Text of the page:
Going back even further, I had a pair of the original Bose 901's. Because they were made with 9 identical 3.5 inch cones, the speakers came with an equalizer that boosted the bass by about 20 db. The equalizer also had a switch for those who did not have 200 watts per channel. At the time I was using a 45 watt per channel receiver. With the equalizer set for full bass, the harmonic distortion was very easy to hear with bass source material. So I ended up using the low power switch to minimize the harmonic distortion. That is where I first learned that it is the bass that calls for high power.

    But as I said, with powered subs, the situation has changed drastically.

    If you still want to go with a new amp for your mains, remember that each amp will have its own unique sonic signature, this one might have a bit more bass, that one more "slam" the next one sounded more natural with non-amplifed instruments.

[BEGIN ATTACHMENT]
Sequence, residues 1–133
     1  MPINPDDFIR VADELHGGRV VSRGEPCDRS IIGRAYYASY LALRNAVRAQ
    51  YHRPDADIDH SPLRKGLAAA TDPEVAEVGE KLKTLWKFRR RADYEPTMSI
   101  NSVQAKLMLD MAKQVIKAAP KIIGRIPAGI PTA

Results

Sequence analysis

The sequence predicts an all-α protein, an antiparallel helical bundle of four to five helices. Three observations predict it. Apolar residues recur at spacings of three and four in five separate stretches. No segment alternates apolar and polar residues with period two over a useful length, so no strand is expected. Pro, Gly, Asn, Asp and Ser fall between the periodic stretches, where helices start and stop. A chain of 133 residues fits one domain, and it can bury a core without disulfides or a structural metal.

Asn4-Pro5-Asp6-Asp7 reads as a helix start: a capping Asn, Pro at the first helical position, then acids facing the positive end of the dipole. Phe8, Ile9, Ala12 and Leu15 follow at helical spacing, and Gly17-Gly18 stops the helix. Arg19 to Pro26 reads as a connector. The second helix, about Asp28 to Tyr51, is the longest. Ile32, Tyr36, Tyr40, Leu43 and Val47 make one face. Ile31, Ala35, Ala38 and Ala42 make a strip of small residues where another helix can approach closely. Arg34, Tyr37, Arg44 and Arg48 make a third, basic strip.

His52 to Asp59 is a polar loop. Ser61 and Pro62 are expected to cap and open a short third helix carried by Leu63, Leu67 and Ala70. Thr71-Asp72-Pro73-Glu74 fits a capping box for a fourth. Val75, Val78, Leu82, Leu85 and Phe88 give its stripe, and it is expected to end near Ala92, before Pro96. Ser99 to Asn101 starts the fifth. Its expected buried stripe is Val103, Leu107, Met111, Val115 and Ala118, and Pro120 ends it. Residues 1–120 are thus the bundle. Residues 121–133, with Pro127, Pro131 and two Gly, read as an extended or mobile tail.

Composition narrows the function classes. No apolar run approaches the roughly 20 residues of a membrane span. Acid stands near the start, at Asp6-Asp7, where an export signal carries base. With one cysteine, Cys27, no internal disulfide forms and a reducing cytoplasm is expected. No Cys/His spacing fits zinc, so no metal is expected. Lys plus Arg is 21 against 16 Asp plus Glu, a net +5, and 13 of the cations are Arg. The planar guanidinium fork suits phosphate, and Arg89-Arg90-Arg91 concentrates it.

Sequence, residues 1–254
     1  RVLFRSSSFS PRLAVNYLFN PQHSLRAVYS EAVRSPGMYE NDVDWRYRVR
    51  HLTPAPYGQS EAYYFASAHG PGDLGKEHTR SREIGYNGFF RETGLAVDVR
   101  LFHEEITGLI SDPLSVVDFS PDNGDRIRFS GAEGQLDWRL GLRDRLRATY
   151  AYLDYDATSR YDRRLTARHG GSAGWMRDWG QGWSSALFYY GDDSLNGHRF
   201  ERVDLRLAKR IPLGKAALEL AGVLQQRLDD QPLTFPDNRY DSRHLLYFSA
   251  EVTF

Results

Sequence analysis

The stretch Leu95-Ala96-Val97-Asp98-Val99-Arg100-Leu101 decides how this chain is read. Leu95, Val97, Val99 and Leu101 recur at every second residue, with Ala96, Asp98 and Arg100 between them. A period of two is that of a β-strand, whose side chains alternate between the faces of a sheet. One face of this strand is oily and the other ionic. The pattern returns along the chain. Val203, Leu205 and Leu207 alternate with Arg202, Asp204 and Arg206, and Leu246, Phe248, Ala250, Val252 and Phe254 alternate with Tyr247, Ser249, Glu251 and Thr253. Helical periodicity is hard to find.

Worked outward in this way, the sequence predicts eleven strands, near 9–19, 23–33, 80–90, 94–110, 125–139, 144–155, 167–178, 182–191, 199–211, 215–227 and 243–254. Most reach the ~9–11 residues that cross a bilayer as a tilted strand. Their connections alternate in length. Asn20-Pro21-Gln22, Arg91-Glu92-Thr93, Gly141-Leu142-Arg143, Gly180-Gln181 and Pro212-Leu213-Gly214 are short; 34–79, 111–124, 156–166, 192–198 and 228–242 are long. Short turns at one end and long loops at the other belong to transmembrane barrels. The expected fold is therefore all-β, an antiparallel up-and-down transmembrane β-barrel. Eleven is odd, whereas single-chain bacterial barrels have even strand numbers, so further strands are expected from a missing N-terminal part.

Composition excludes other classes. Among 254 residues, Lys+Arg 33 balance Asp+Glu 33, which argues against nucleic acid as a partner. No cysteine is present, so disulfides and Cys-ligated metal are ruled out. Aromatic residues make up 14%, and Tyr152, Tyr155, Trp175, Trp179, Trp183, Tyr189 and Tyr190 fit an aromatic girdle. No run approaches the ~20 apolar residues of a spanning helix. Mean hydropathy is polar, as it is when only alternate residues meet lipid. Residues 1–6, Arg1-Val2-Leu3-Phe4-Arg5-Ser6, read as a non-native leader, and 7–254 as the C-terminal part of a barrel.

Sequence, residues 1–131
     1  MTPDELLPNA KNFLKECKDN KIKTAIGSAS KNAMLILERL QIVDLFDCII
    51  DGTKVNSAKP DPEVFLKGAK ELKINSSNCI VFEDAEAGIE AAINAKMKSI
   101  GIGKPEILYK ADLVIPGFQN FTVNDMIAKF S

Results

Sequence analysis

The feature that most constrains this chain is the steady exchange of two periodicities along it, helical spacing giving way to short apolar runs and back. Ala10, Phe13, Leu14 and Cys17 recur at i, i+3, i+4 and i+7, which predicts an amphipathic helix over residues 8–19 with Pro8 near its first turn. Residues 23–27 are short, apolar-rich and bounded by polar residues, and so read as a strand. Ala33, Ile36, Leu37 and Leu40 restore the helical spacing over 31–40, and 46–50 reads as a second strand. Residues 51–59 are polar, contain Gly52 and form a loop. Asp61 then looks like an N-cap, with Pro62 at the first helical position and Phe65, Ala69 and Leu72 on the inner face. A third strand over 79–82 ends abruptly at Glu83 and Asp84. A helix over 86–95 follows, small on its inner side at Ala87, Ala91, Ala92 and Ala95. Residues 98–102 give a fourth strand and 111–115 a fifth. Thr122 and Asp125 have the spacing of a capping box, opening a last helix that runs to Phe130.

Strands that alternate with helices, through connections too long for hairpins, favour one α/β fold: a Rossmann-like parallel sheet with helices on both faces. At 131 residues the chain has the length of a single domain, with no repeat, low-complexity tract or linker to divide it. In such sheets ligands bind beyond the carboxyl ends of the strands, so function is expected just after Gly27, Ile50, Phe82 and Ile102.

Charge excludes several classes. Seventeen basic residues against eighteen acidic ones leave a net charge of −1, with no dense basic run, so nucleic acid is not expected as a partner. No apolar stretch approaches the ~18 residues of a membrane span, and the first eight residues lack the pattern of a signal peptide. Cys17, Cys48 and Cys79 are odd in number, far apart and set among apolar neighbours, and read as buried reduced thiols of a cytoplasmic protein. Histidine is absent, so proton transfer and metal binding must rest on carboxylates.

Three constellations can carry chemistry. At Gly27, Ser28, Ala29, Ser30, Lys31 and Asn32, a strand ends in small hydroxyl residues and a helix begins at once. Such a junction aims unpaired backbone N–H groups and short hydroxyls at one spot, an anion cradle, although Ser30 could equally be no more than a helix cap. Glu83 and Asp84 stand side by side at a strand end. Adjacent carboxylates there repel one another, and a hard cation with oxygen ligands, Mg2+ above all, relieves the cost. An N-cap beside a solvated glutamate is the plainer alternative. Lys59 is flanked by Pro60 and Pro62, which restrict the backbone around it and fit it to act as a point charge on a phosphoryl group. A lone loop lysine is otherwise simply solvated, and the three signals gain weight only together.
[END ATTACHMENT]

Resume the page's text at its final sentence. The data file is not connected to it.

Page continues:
There is no way to talk your way through which amp would sound the best to you. The only way would be to have all the contenders at home and swap them in and out till you decided on your favorite. No one amp has a monopoly on all the best traits in one package.

    At this point, I think I would start looking into room treatments or something that can compensate for the different types of speaker and their position in your room. Pioneer seems to be leading the industry with its MCAAA equalization, but others are seeing the value of room equalization, like B&K.

    Artie
     
  9. Craig_Kg

    Craig_Kg Supporting Actor